Wednesday, July 8, 2009

Discrimination in Indian Education

Indian elites in United States of America and other developed countries has made India so proud because of their achievements but if you really look into their background most of the people hail from India’s prestigious IITs and IIMs and also from privileged backgrounds. It is a case to analysis since India is a developing country which wants to rise to level of developed nations. Before having the aspirations to compete with developed nations we need to fundamentally overhaul our education system. It is a need of an hour because China which is also in the developing league has better system of education and playing field for all the students is almost flat.

China’s education system is centralized mean to say there is only one existence of board and common university entrance examination. Such a scenario is almost non existence in any Indian states especially in southern states. To paint a big picture we have CBSE, ICSE, State Board, Anglo Indian, GCE, etc. and list goes on. This is not to ridicule the system in place but the complexity involved in providing one of the most basic amenities to its citizens. The quality of education provided in each board differs considering and there is an informal ranking in place for students to select their board if they want to score high grades. That’s said, we are not imparting the true education to the child’s brain rather just making a choice. Why are so many boards? Why there is significant difference in the quality of education? Likewise lots of questions pops in any young ignited minds.

If any nongovernmental organization does survey in our elite IITs and IIMs to find out their true backgrounds i.e. their board of education, income status (true status), urbanite or rural. It is safe to assume that more 95% would definitely hail from urban upper middle or rich class and also from either CBSE or ICSE board. This is not to brand CBSE or ICSE board is the best but it is reality we need to concede. Why is this scenario? Does it mean rural students don’t have brains to compete? If we look below the surface we know the hard truth that those boards are highly priced. At the same time, urbanites (upper middle class) have better opportunity to train in expensive coaching class than rural students who basically lacks those infrastructures. Aren’t we denying rights to our citizens?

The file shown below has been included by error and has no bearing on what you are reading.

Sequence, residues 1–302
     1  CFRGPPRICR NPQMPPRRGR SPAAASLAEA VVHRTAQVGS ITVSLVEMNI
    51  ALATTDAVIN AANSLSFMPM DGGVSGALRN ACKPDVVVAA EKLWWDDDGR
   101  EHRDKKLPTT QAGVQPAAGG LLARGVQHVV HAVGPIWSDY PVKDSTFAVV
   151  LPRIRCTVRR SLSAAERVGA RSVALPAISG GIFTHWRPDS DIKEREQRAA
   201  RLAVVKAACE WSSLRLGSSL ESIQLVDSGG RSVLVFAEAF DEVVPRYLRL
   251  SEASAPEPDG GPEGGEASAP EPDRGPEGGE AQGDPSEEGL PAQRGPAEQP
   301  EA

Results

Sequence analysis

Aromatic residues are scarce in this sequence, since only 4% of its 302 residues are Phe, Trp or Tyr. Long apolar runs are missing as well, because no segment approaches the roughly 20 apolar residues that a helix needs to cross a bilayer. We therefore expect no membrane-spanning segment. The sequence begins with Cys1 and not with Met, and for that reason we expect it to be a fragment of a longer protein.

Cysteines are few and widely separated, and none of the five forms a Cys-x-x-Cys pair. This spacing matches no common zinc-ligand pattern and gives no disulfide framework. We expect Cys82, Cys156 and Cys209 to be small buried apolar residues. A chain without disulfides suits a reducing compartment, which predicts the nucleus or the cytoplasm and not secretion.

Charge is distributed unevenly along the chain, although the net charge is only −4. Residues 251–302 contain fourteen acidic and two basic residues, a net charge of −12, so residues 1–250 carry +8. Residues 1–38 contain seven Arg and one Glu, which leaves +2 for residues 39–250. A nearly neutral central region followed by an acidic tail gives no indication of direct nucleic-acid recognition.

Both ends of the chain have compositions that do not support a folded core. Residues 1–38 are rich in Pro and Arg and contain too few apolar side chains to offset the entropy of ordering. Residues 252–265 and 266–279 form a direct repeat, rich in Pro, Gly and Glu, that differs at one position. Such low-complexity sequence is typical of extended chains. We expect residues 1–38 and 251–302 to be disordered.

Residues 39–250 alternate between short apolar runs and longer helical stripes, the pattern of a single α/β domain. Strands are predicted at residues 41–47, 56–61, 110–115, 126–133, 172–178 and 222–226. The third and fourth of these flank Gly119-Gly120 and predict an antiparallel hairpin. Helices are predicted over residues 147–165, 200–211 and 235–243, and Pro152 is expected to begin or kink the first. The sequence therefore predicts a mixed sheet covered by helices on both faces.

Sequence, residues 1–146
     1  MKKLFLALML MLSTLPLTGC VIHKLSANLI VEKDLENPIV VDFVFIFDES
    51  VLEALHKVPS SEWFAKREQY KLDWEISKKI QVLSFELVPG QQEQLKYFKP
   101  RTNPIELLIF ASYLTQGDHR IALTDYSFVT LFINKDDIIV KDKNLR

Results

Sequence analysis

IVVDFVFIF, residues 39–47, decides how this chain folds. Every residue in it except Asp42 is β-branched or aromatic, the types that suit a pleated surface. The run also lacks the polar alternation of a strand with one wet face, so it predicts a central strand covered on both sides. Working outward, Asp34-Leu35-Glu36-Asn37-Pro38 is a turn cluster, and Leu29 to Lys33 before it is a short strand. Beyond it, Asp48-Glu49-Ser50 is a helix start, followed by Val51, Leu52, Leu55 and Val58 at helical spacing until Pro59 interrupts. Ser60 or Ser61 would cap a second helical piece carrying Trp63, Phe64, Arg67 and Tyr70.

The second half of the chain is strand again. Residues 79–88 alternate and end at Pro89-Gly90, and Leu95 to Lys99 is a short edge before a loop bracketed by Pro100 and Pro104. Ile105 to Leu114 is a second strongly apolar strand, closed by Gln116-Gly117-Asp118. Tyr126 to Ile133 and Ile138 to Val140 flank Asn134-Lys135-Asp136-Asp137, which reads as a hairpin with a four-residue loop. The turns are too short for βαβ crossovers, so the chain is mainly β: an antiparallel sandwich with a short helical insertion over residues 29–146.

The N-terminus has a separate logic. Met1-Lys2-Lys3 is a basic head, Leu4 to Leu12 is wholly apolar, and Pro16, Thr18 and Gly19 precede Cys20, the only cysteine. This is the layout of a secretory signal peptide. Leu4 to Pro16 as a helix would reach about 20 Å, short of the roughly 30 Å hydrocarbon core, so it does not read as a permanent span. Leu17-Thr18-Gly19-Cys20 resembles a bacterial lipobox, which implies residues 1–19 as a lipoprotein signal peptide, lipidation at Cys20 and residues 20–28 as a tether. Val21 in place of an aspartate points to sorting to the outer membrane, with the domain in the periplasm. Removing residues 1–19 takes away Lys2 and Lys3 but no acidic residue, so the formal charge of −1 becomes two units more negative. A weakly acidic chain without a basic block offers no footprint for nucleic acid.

There are several Cinderella stories happening in India but those come to limelight when that kid usually comes to the city. Two years back there was a guy from village who worked part time in food courts and cinema theatre to fund his IAS coaching in Chennai and he cleared IAS exam in his third attempt. If we made available the same facility in his district capital or big town nearer his village, he wouldn’t have come to Chennai in first place to toil himself day and night. There are several untold stories which are often digested in the half stomach of rural students coming to cities to succeed in their academia. Most students don’t succeed because they have poor fundamentals inculcated by rural schools, not enough money to finance their coaching and culture shock in cities. To add fuel to the fire, urban students often mistreat their rural students instead of helping them.

Infosys founder Narayana Murthy once remarked in an interview, there are two Indias one is the urban India with all the information and facilities to compete with the globe; other is the rural India which is shattered in hope and live in despair. That is true case of the education provided to the students of Indian villages and towns. Aren’t they citizens of India who has to treated equally? There are still caste discriminations prevalent in Indian educations. There are several stories which are reported as well as unreported in the media that a lower caste child is mistreated by teacher or peers. China on the other hand differs in this fundamental right of a citizen. Though it is a communist country, it has provided a same education to all students no big difference in board, only difference which naturally occurs in any case is that urban students has more exposure than rural students.

Our former president A.P.J Abdul Kalam and so many distinguished people hail from villages. We need to understand that was the time when there was no big difference between Rameshwaram (Kalam’s Home town) and Ranchi. But globalization has changed the platform; there are visible inequities in cities and towns now. Kalam himself is afraid that “Will there be any Kalam from villages in next decades?” The situation persist in India says an obvious “NO”. We need to reverse this, we the people of India have to act not the politicians. We should rise up to challenge and protest to petition the Indian government to overhaul or revamp the badly hit education sector. There should be only one board of education. We need to have common entrance examinations throughout India. Multi entrance examinations have increased corruption in private institutions. Urban India has to stop the apathy in not acting to save our citizens who are not getting same education like them. We need a change like how Barack Obama has campaigned!


  1. I wouldn't agree that CBSE is highly priced. There are numerous Kendriya Vidyalayas all over India and they are damn cheap. As an Alumni of KV, I can safely say that the quality of education is very good there.

    If you consider Tamil Nadu, the main problem is the admission process to Professional Courses which seem inclined towards those who study in State Board. Thats one of the prime reason for students enrolling themselves in state board and not the CBSE.

  2. The first thing the HRD ministry should do is to unify all the different boards to form a central board - The CBSE.